How will the bodies move?From the free body diagrams for each body, and the chosencoordinate system for each block, we can apply Newton’sSecond Law:Taking “x” components:1) T 1 - m 1 g sin q 1 = m 1a 1X2) T 2 - m 2 g sin q 2 = m 2 a 2XBut T 1 = T 2 = Tand -a 1X = a 2X = a(constraints)yNm 1m 1 gq 1xT 1T 2xm 2 gyNm 2Solving the equationsUsing the constraints, we get 2 eqn and 2 unks,solve the equations.T - m 1 gsin q 1 = -m 1 a(a)T - m 2 gsin q 2 = m 2 a(b)Subtracting (a) from (b) gives:m 1 gsin q 1 - m 2 gsin q 2 = (m 1 +m 2 )aSo:m ma 1 sin q1 2 sin q2gm1 m2q 2SPH4U: Lecture 8, Pg 18SPH4U: Lecture 8, Pg 17m 1m 2q 1 q 2m ma 1 sin q1 2 sin q2gm1 m2m m 1 2m ma 1 sin q1 2 sin q2gm1 m2q 1 q 2Special Case 1:Special Case 2:BoringTTAtwood’s Machinem 1m 2If q 1 = 0 and q 2 = 0, a = 0.m1m2If q 1 = 90 and q 2 = 90,m ma ( 1 2 )( m m )g1 2SPH4U: Lecture 8, Pg 19SPH4U: Lecture 8, Pg 20Page 5

m m 1 2m ma 1 sin q1 2 sin q2gm1 m2q 1 q 2Special Case 3:m 1Lab configurationm 2Lecture 8, Act 2Two-body dynamics• In which case does block m experience a larger acceleration?In (1) there is a 10 kg mass hanging from a rope. In (2) ahand is providing a constant downward force of 98.1 N. Inboth cases the ropes and pulleys are massless.mma10kgaF = 98.1 NIf q 1 = 0 and q 2 = 90,ma 2( m m g1 2 )Case (1) Case (2)(a) Case (1) (b) Case (2) (c) sameSPH4U: Lecture 8, Pg 21SPH4U: Lecture 8, Pg 22aLecture 8, Act 2Two-body dynamics• In which case does block m experience a larger acceleration?In (1) there is a 10 kg mass hanging from a rope. In (2) ahand is providing a constant downward force of 98.1 N. Inboth cases the ropes and pulleys are massless.10kgm W =10kgm(a) Case (1) (b) Case (2) (c) sameamF = 98.1 NCase (1) Case (2)• Add (a) and (b):m W g = (m + m W )amWga m m• Note:WLecture 8, Act 2Solution• For case (1) draw FBD and write F NET = ma for each block:T = ma (a)(a)m W g -T = m W a(b)mT mWg m mWa10kg(b)mm W =10kgSPH4U: Lecture 8, Pg 23SPH4U: Lecture 8, Pg 24Page 6

Lecture 8, Act 2Solution• For case (2) T = 98.1 N = maa98.1Na m 10kg10kgCase (1)m98.1Na m• The answer is (b) Case (2) In this case the block experiences alarger acceleratioina98.1Na mmF = 98.1 NCase (2)SPH4U: Lecture 8, Pg 25Problem: Two strings & Two Masses onhorizontal frictionless floor:• Given T 1 , m 1 and m 2 , what are a and T 2 ?T 1 - T 2 = m 1 a (a)T 2 = m 2 a (b)‣ Add (a) + (b):T1T 1 = (m 1 + m 2 )a a =m1+ m‣ Plugging solution into (b):m2T2= T1m + m12m 2m 1T 2 T 12aSPH4U: Lecture 8, Pg 26iLecture 8, Act 3Two-body dynamics• Three blocks of mass 3m, 2m, and m are connected bystrings and pulled with constant acceleration a. What is therelationship between the tension in each of the strings?• Draw free body diagrams!!T 3 = 3maLecture 8, Act 3Solution3mT 3a3mT 3 T 2 T2m1mT 2 - T 3 = 2maT 3 T 2 2mT 2 = 2ma +T 3 > T 3T 2 T 1(a) T 1 > T 2 > T 3 (b) T 3 > T 2 > T 1 (c) T 1 = T 2 = T 3T 1 - T 2 = mamT 1 = ma + T 2 > T 2T 1 > T 2 > T 3SPH4U: Lecture 8, Pg 27SPH4U: Lecture 8, Pg 28Page 7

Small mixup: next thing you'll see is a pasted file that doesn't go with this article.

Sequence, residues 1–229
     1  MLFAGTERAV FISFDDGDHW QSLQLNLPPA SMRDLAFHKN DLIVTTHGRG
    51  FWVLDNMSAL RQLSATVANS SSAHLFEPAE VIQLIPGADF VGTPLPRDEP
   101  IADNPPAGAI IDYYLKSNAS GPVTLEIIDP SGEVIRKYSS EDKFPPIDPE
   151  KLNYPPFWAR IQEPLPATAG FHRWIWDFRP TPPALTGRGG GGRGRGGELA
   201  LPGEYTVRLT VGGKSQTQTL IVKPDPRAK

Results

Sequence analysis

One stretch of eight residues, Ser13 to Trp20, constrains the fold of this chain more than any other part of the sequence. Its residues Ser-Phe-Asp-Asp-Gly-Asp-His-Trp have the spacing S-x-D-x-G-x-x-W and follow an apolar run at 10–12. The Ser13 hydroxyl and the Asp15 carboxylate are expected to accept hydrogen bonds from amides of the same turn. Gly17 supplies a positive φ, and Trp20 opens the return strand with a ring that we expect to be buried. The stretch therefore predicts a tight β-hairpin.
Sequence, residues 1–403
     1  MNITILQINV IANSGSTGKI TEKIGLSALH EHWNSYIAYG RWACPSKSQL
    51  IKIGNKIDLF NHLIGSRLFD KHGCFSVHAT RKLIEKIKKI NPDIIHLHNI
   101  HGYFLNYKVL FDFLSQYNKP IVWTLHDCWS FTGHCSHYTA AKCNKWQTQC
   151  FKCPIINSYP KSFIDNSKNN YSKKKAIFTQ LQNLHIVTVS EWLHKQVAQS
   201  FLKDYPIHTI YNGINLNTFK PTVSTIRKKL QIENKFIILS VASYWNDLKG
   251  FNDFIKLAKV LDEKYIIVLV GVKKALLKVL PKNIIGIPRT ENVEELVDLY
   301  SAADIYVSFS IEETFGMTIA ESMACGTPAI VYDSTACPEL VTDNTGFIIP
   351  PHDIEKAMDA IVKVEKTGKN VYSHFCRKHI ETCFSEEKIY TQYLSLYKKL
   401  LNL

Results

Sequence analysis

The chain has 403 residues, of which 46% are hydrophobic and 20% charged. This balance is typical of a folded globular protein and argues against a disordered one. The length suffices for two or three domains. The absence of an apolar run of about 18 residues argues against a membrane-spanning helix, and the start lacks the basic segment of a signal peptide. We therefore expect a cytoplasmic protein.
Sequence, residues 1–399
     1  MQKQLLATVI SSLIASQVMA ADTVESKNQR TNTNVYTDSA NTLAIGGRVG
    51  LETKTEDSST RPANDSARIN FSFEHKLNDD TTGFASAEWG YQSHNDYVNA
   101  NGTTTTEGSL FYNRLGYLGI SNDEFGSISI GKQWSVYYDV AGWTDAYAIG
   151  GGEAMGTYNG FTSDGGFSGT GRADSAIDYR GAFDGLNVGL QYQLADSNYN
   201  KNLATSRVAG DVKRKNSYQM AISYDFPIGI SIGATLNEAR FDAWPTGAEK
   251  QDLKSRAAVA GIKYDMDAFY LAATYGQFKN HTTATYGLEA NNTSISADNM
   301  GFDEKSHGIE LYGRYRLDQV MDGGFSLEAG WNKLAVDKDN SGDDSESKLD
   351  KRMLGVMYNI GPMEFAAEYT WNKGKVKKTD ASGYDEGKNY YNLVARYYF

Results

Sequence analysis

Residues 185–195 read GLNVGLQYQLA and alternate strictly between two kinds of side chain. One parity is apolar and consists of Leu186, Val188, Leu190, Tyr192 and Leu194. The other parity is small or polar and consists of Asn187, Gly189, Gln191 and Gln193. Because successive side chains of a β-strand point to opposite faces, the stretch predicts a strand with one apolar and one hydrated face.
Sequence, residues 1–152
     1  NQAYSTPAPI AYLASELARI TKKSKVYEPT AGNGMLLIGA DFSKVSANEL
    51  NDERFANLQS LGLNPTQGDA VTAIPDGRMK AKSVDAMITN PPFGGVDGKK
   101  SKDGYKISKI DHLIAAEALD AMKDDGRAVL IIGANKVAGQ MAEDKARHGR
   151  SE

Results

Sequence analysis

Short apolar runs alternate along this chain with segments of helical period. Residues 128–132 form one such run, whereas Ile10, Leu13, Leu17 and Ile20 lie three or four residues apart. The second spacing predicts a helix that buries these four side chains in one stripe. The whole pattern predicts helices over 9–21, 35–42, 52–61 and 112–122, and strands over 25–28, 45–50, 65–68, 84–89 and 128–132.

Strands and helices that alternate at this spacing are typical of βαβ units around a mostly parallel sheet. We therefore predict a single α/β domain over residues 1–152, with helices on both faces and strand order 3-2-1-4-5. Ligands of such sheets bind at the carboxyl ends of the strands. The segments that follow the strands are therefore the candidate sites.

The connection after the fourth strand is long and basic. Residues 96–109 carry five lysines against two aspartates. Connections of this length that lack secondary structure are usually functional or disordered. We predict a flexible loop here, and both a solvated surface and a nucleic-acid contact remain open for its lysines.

• Alternative solution:Consider T 1 to be pullingall the boxesT 2 is pulling only theboxes of mass 3mand 2mT 3 is pulling only thebox of mass 3mLecture 8, Act 3Solution3m3m3maT 3 T 2 T2m1maT 3 T 2 T2m1maT 3 T 2 T2m1miProblem: Accelerometer• A weight of mass m is hung from the ceiling of a car with amassless string. The car travels on a horizontal road, andhas an acceleration a in the x direction. The string makesan angle q with respect to the vertical (y) axis. Solve for qin terms of a and g.aqT 1 > T 2 > T 3SPH4U: Lecture 8, Pg 29SPH4U: Lecture 8, Pg 30Accelerometer...Accelerometer...• Draw a free body diagram for the mass:‣ What are all of the forces acting?qT (string tension)• Using components (recommended):i: F X = T X = T sin q = maj: F Y = T Y mgq= T cos q mg = 0 Tqjimmg (gravitational force)mammgiSPH4U: Lecture 8, Pg 31SPH4U: Lecture 8, Pg 32Page 8

Accelerometer...Accelerometer...• Using components :i: T sin q = ma• Alternative solution using vectors (elegant but not assystematic):• Find the total vector force F NET :j: T cos q- mg = 0• Eliminate T :T sin q= ma tan q aT cos q= mg gTmaqmmgijmgqTF TOTqT (string tension)mmg (gravitational force)SPH4U: Lecture 8, Pg 33SPH4U: Lecture 8, Pg 34Accelerometer...tan q a gAccelerometer...• Alternative solution using vectors (elegant but not assystematic):• Find the total vector force F NET :• Recall that F NET = ma:T (string tension)qT• Somgqmama atan q mg gmmg (gravitational force)tan q a g• Let’s put in some numbers:• Say the car goes from 0 to 60 mph in 10 seconds:‣ 60 mph = 60 x 0.45 m/s = 27 m/s.‣ Acceleration a = Δv/Δt = 2.7 m/s 2 .‣ So a/g = 2.7 / 9.8 = 0.28 .‣ q = arctan (a/g) = 15.6 degaqCart w/accelerometerSPH4U: Lecture 8, Pg 35SPH4U: Lecture 8, Pg 36Page 9